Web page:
Submitted to: Plant Disease
Publication Type: Peer Reviewed Journal
Publication Acceptance Date: February 10, 2005
Publication Date: April 1, 2005
Citation: Deahl, K.L., Jones, R.W., Wanner, L.A., Plant, A. 2005. Phytophthora Infestans on Solanum Sarrachoides in Northeastern Maine. Plant Disease. 89:435.
Interpretive Summary: Research was undertaken to find the cause of a new leaf blight disease on a common weed, hairy nightshade, a close relative to potatoes and tomatoes that was found in Maine in 2004. The pathogen was identified as the same organism that causes late blight in potatoes an tomatoes. The isolates from these nightshade plants caused the late blight disease on tomatoes and potatoes. These isolates were found to be resistant to pesticides usually applied to control late blight on potato. This information will be used by extension agents and growers who should be aware that hairy nightshades can be a reservoir for the pathogen and that the pathogen should be tested to determine if it is resistant to pesticides before control measures are initiated.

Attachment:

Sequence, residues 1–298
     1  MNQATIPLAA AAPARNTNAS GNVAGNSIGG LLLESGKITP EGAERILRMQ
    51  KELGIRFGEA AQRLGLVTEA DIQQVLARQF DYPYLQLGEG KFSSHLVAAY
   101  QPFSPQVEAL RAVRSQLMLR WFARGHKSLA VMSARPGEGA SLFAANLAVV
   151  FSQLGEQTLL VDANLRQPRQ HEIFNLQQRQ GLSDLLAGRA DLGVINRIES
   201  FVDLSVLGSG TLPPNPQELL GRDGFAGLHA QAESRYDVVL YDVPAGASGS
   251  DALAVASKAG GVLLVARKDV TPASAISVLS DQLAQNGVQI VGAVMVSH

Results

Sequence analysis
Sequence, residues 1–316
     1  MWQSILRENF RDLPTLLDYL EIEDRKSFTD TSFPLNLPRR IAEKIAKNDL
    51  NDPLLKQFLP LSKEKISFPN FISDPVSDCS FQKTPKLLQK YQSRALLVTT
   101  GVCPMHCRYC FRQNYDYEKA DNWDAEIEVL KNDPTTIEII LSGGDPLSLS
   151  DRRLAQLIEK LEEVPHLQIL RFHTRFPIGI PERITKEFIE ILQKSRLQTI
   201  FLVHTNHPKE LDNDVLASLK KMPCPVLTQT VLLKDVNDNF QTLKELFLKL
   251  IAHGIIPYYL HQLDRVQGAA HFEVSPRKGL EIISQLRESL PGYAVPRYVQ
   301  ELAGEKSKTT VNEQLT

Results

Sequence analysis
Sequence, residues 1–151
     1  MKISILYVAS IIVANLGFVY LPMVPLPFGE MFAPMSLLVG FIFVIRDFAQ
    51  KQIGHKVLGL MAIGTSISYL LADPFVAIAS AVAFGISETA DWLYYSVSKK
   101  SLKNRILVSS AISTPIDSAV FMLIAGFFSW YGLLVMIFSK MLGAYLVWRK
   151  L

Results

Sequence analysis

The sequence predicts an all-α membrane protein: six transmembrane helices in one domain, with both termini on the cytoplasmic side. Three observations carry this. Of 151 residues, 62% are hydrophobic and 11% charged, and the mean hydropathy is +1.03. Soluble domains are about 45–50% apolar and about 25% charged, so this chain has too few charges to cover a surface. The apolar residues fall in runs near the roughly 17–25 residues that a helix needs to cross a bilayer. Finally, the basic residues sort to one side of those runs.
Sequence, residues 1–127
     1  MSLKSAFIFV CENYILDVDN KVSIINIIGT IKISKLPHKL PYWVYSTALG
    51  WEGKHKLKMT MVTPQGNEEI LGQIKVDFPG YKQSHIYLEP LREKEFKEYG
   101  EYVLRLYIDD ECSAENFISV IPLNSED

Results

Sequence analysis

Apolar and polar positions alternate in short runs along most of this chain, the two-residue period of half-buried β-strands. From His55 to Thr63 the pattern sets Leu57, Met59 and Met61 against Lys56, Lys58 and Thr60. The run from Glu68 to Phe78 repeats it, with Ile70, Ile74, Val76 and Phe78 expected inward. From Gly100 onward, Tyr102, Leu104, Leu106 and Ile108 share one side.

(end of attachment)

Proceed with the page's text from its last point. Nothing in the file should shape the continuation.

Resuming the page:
For the first time in the state of Maine, the plant pathogen, Phytophthora infestans, was isolated and characterized from hairy nightshade weeds in a potato fields naturally infected with the organism. Koch's postulates were completed for three isolates. The three isolates were also pathogenic on potatoes and tomatoes, which are historically the primary targets of this microbe. RFLP analysis demonstrated the close similarity of the nightshade isolates to potato isolates from the same area. The three nightshade isolates were all of the A2 mating type and were resistant to the commonly used fungicide, methaxyl (Ridomil). Growers who cultivate more than one Solanaceous species (potato, tomato, petunia etc.) should be aware that hairy nightshade weeds may have Phytophthora infections that can serve as clandestine reservoirs of inoculum. Because these plants do not show conspicuous symptoms, they may escape proper detection and removal or treatment It is recommended that when Phytophthora is found in weeds growing within or around crops like potato, the pathogen species should be identified and it should be tested for resistance to fungicides before disease control strategies are implemented. The report underscores the need for continued monitoring of the pathogen populations in bridging hosts, e.g. hairy nightshade, as these common weeds may play a major role in the introduction and spread of damaging pathogens to new locations. These strains are aggressive pathogens on potato and tomato plants.